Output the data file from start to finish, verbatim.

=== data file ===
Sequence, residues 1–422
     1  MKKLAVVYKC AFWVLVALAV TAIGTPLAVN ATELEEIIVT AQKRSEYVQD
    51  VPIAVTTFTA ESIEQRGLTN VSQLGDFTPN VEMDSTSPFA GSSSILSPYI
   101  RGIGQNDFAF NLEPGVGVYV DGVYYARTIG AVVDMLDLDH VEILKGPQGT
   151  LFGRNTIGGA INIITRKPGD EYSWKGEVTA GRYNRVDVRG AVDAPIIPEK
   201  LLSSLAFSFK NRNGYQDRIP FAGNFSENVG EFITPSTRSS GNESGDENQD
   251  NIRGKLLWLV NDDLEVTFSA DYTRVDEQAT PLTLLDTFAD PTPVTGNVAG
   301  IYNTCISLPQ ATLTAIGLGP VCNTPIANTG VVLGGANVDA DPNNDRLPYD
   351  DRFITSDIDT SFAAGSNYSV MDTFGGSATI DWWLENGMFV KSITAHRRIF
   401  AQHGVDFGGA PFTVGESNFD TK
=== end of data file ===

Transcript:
Sequence, residues 1–422
     1  MKKLAVVYKC AFWVLVALAV TAIGTPLAVN ATELEEIIVT AQKRSEYVQD
    51  VPIAVTTFTA ESIEQRGLTN VSQLGDFTPN VEMDSTSPFA GSSSILSPYI
   101  RGIGQNDFAF NLEPGVGVYV DGVYYARTIG AVVDMLDLDH VEILKGPQGT
   151  LFGRNTIGGA INIITRKPGD EYSWKGEVTA GRYNRVDVRG AVDAPIIPEK
   201  LLSSLAFSFK NRNGYQDRIP FAGNFSENVG EFITPSTRSS GNESGDENQD
   251  NIRGKLLWLV NDDLEVTFSA DYTRVDEQAT PLTLLDTFAD PTPVTGNVAG
   301  IYNTCISLPQ ATLTAIGLGP VCNTPIANTG VVLGGANVDA DPNNDRLPYD
   351  DRFITSDIDT SFAAGSNYSV MDTFGGSATI DWWLENGMFV KSITAHRRIF
   401  AQHGVDFGGA PFTVGESNFD TK